Category Archives: System Administration

Posts generally related to system administration. This will be the primary RSS feed, and will include the vast majority of the posts, excluding those in Administrivia and some of those from Tech Field Day.

Are you monitoring your switchports the right way?

Graphite might be the best thing I’ve rolled out here in my position at CCIS.

One of our graduate students has been working on a really interesting paper for a while. I can’t go into details, because he’s going to publish before too long, but he has been making good use of my network diagrams. Since he has a lot riding on the accuracy of the data, he’s been asking me very specific questions about how the data was obtained, and how the graphs are produced, and so on.

One of the questions he asked me had to do with a bandwidth graph, much like this one:

His question revolved around the actual amount of traffic each datapoint represented. I explained briefly that we were looking at Megabytes per second, and he asked for clarification – specifically, whether each point was the sum total of data sent per second between updates, or whether it was the average bandwidth used over the interval.

We did some calculations, and decided that if it were, in fact, the total number of bytes received since the previous data point, it would mean my network had basically no traffic, and I know that not to be the case. But still, these things need verified, so I dug in and re-determined the entire path that the metrics take.

These metrics are coming from a pair of Cisco Nexus Switches via SNMP. The data being pulled is a per-interface ifInOctets and ifOutOctets. As you can see from the linked pages, each of those are 32 bit counters, with “The total number of octets transmitted [in|out] of the interface, including framing characters”.

Practically speaking, what this gives you is an ever-increasing number. The idea behind this counter is that you query it, and receive a number of bytes (say, 100). This indicates that at the time you queried it, the interface has sent (in the case of ifOutOctets) 100 bytes. If you query it again ten seconds later, and you get 150, then you know that in the intervening ten seconds, the interface has sent 50 bytes, and since you queried it ten seconds apart, you determine that the interface has transmitted 5 bytes per second.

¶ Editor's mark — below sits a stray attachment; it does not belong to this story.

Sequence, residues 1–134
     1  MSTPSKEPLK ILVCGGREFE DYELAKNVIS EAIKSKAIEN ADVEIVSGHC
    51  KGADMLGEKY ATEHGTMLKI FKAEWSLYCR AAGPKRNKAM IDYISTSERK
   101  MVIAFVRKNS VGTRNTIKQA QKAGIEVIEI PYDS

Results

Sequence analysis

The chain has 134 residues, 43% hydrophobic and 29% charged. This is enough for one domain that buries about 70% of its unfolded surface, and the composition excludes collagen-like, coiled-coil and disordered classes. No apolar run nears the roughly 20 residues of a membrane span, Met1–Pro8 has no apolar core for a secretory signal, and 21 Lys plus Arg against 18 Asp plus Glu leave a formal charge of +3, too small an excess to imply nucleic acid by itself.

Having the counter work like this means that, in theory, you don’t have to worry about how frequently you query it. You could query it tomorrow, and if it went from 100 to 100000000, you could be able to figure out how many seconds it was since you asked before, divide the byte difference, and figure out the average bytes per second that way. Granted, the resolution on those stats isn’t stellar at that frequency, but it would still be a number.

Incidentally, you might wonder, “wait, didn’t you say it was 32 bits? That’s not huge. How big can it get?”. The answer is found in RFC 1155: Counter

This application-wide type represents a non-negative integer which monotonically increases until it reaches a maximum value, when it wraps around and starts increasing again from zero. This memo specifies a maximum value of 2^32-1 (4294967295 decimal) for counters.

In other words, 4.29 gigabytes (or just over 34 gigabits). It turns out that this is actually kind of an important facet to the whole “monitoring bandwith” thing, because in our modern networks, switch interfaces are routinely 1Gb/s, often 10Gb/s, and sometimes even more. If our standard network interfaces can transfer one gigabits per second, then a fully utilized network interface can roll over an entire counter in 35 seconds. If we’re only querying that interface once a minute, then we’re potentially losing a lot of data. Consider, then, a 10Gb/s interface. Are you pulling metrics more often than once every 4 seconds? If not, you may be losing data.

Fortunately, there’s an easy fix. Instead of ifInOctets and ifOutOctets, query ifHCInOctets and ifHCOutOctets.  They are 64 bit counters, and only roll over once every 18 exabytes. Even with a 100% utilized 100Gb/s interface, you’ll still only roll over a counter every 5.8 years or so.

I made this change to my collectd configuration as soon as I figured out what I was doing wrong, and fortunately, none of my metrics jumped, so I’m going to say I got lucky. Don’t be me – start out doing it the right way, and save yourself confusion and embarrassment later.  Use 64-bit counters from the start!